The separation in the chamber 9 is caused by the magnetic forces acting on particles suspended in the fluid flowing through the matrix in the direction shown by the arrow 19 as a result of the high local field gradients produced by the matrix material, whereby even relatively weak magnetic particles will be attracted to the matrix strands. The net result will depend on the interaction of these magnetic forces with fluid drag and gravity forces acting on the particles.
As a result of the use of the permanent magnetic devices 1 and 2, which will normally be of a regular brick-shaped form, a gap 3 of a similar regular form will be obtained between the parallel opposed pole surfaces N and S of the magnetic devices allowing the use of a separation chamber 9 of a regular box-shaped form, the interior of which may be nearly completely occupied by the matrix material, since the compartments 13 and 14 communicating with the fluid inlet and outlet 15 and 16, respectively, must only have a size sufficient to secure even distribution of the fluid in the longitudinal direction of the chamber, i.e. transverse to the magnetic field direction as well as the fluid flow direction shown by the arrows 4 and 19 in FIG. 2.
Moreover, no special measures must be taken to obtain the field direction resulting in the most effective utilization of the trapping properties of the individual matrix strands, i.e. transverse to the main flow direction of the fluid, since this field direction will naturally present itself by a simple configuration of the magnet system as illustrated in FIGS. 1 to 3.
As a result of these advantages, the useful operation period of a separator according to the invention will be longer than for known high gradient separators of the electromagnetic type for the same matrix volume.
The ability to capture small-size particle fractions of contaminants as well as more weakly magnetic impurities may be enhanced by modifying the matrix volume in the separation chamber as shown in FIG. 4. In this modification, the matrix 20 is confined to a wedge-shaped space 21 in the separation chamber 22, so that the flow cross-sectional area for the fluid passing through the chamber from an inlet 23 to an outlet 24 will increase in the main flow direction shown by an arrow 25. By the resulting decrease of the fluid flow velocity in the flow direction 25, weak magnetic particles, which would otherwise show a tendency to pass through the separation chamber 22 without being captured by the matrix material, will get more easily captured at the downstream end of the matrix 20 presenting the greatest cross-sectional area for the flow.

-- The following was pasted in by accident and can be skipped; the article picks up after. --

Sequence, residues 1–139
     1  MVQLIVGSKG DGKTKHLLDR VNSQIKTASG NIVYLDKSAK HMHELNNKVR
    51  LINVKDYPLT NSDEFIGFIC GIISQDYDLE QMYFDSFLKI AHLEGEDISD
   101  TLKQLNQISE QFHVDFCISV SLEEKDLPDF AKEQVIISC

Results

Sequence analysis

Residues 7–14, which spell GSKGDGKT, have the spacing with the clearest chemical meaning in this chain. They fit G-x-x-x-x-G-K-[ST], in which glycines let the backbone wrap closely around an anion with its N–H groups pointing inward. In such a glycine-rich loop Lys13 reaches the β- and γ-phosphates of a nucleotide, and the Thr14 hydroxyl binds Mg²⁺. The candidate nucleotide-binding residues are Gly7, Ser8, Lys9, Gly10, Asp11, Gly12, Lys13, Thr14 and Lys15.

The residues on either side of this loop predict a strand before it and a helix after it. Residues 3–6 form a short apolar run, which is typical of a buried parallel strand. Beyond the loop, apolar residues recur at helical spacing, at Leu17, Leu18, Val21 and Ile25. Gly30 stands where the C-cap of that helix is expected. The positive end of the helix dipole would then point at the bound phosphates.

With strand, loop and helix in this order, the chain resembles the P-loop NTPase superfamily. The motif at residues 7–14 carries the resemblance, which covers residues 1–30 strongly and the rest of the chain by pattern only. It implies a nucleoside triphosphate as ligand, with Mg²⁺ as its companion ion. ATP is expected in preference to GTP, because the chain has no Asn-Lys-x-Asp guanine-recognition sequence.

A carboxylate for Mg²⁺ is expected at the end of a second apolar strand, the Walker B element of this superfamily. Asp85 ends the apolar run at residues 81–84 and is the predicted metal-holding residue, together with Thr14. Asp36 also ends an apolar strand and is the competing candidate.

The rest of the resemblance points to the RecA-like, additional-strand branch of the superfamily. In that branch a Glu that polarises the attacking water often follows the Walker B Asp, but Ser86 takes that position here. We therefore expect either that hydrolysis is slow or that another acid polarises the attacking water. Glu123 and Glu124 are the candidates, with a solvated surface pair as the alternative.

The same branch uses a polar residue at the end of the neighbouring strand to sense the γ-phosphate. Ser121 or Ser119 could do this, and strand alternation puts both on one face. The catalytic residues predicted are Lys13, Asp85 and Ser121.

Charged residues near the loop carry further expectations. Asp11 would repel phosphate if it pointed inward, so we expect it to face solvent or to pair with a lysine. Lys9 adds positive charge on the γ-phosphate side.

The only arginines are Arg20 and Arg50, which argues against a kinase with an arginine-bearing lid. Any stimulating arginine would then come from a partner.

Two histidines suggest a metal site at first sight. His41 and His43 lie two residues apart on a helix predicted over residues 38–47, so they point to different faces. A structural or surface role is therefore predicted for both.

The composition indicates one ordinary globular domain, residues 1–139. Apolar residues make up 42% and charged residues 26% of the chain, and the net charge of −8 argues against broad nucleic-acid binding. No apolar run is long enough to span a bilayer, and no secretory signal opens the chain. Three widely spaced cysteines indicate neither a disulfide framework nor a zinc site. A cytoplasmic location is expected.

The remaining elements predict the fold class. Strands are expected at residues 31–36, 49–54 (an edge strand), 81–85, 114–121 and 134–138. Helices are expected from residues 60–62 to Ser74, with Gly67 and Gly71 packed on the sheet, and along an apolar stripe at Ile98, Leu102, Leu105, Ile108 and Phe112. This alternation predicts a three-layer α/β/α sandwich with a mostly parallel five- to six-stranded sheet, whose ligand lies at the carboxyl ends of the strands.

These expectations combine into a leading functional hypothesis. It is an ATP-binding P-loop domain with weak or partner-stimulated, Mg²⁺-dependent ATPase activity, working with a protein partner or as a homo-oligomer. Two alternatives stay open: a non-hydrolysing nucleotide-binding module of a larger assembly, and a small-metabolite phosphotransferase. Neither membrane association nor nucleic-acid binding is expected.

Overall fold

During operation, the matrix in the separation chamber will become gradually saturated with particles from the fluid processed in the separator. In the same manner as in known high gradient magnetic separators, the separation chamber may then be regenerated by rinsing the matrix to remove the captured particles.
In the separator according to the invention, this regeneration will have to be performed outside the magnetic system in order to have the matrix material demagnetized. Therefore, the separation chamber is preferably formed as a canister which can be removed from the gap between the permanent magnets.
FIGS. 5 and 6 show an embodiment in which two active canisters 26 and 27 are connected with each other by means of an intermediate substantially corresponding canister 28 which is passive by having no fluid inlet or outlet. The interconnected canisters 26 and 27, each of which has a fluid inlet 26a, 27a and a fluid outlet 26b, 27b, are arranged for reciprocal displacement between two positions. In a first position canister 26 is disposed in the magnetic gap while canister 27 is disposed to a position sufficiently far outside the magnetic field to secure collapse of the magnetization of the matrix material whereby the matrix in this canister may be cleaned as described hereinafter. In the other of the two positions the canister 27 is disposed in the magnetic gap, whereas the canister 26 is displaced outside the magnetic field to be cleaned.
By this arrangement a very favorable duty cycle can be obtained, since the only inoperative time intervals will be for the relatively short deviations of the displacement of the canister arrangement between the two positions. Outside these time intervals either one or the other of the canisters will be disposed in the magnetic gap for effective utilization of the magnetic field for filtration.
The intermediate canister 28 has a size corresponding to the magnetic gap between the pole surfaces and acts as a dummy load in the magnetic field so as to allow the magnetic field in the gap to remain substantially undisturbed during displacement of the canister arrangement i.e. with the field lines extending perpendicular to the pole surfaces whereby the displacement may be performed by the application of a moderate external force. The arrangement of canisters 26 and 27 interconnected by a dummy load canister to provide magnetic balance has been described in principle in an article "A Reciprocating Canister Superconducting Magnetic Separator" by P. W. Riley and D. Hocking in IEEE Transactions on Magnetics, Vol. MAG-17, No. 6 November 1981 pages 3299 to 3301.